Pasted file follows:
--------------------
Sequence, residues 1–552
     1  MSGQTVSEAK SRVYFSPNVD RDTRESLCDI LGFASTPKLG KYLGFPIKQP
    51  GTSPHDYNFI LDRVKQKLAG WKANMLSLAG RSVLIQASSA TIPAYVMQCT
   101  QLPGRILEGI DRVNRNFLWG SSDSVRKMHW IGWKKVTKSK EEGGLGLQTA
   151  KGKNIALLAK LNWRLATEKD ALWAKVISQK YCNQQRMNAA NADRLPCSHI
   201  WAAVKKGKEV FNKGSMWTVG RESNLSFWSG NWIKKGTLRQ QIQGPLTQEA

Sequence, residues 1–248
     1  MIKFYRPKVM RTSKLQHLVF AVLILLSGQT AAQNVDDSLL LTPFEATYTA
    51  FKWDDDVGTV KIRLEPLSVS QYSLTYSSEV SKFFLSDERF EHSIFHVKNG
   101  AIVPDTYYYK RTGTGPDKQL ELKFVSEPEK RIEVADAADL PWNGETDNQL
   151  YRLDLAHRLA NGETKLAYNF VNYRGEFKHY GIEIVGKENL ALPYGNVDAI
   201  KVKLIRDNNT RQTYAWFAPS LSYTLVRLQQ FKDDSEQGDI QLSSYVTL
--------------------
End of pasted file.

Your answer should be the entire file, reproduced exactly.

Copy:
Sequence, residues 1–552
     1  MSGQTVSEAK SRVYFSPNVD RDTRESLCDI LGFASTPKLG KYLGFPIKQP
    51  GTSPHDYNFI LDRVKQKLAG WKANMLSLAG RSVLIQASSA TIPAYVMQCT
   101  QLPGRILEGI DRVNRNFLWG SSDSVRKMHW IGWKKVTKSK EEGGLGLQTA
   151  KGKNIALLAK LNWRLATEKD ALWAKVISQK YCNQQRMNAA NADRLPCSHI
   201  WAAVKKGKEV FNKGSMWTVG RESNLSFWSG NWIKKGTLRQ QIQGPLTQEA

Sequence, residues 1–248
     1  MIKFYRPKVM RTSKLQHLVF AVLILLSGQT AAQNVDDSLL LTPFEATYTA
    51  FKWDDDVGTV KIRLEPLSVS QYSLTYSSEV SKFFLSDERF EHSIFHVKNG
   101  AIVPDTYYYK RTGTGPDKQL ELKFVSEPEK RIEVADAADL PWNGETDNQL
   151  YRLDLAHRLA NGETKLAYNF VNYRGEFKHY GIEIVGKENL ALPYGNVDAI
   201  KVKLIRDNNT RQTYAWFAPS LSYTLVRLQQ FKDDSEQGDI QLSSYVTL